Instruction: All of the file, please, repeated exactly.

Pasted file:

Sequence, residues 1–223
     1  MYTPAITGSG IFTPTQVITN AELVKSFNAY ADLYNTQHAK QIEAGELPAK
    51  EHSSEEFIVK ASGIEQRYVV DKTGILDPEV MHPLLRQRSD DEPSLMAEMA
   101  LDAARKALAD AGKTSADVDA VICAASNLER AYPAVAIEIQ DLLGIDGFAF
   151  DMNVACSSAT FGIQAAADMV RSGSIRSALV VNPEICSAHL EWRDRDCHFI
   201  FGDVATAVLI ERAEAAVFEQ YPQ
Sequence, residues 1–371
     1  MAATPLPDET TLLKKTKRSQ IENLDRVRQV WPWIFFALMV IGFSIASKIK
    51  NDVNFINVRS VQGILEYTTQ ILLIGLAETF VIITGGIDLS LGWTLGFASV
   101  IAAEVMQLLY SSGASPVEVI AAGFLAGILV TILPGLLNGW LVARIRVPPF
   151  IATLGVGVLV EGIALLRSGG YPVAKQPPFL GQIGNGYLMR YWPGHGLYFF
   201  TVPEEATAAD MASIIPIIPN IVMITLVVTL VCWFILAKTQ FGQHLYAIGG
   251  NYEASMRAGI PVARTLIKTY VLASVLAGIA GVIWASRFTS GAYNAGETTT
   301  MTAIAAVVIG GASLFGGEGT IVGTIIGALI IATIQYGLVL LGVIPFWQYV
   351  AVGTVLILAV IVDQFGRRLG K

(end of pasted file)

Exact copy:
Sequence, residues 1–223
     1  MYTPAITGSG IFTPTQVITN AELVKSFNAY ADLYNTQHAK QIEAGELPAK
    51  EHSSEEFIVK ASGIEQRYVV DKTGILDPEV MHPLLRQRSD DEPSLMAEMA
   101  LDAARKALAD AGKTSADVDA VICAASNLER AYPAVAIEIQ DLLGIDGFAF
   151  DMNVACSSAT FGIQAAADMV RSGSIRSALV VNPEICSAHL EWRDRDCHFI
   201  FGDVATAVLI ERAEAAVFEQ YPQ
Sequence, residues 1–371
     1  MAATPLPDET TLLKKTKRSQ IENLDRVRQV WPWIFFALMV IGFSIASKIK
    51  NDVNFINVRS VQGILEYTTQ ILLIGLAETF VIITGGIDLS LGWTLGFASV
   101  IAAEVMQLLY SSGASPVEVI AAGFLAGILV TILPGLLNGW LVARIRVPPF
   151  IATLGVGVLV EGIALLRSGG YPVAKQPPFL GQIGNGYLMR YWPGHGLYFF
   201  TVPEEATAAD MASIIPIIPN IVMITLVVTL VCWFILAKTQ FGQHLYAIGG
   251  NYEASMRAGI PVARTLIKTY VLASVLAGIA GVIWASRFTS GAYNAGETTT
   301  MTAIAAVVIG GASLFGGEGT IVGTIIGALI IATIQYGLVL LGVIPFWQYV
   351  AVGTVLILAV IVDQFGRRLG K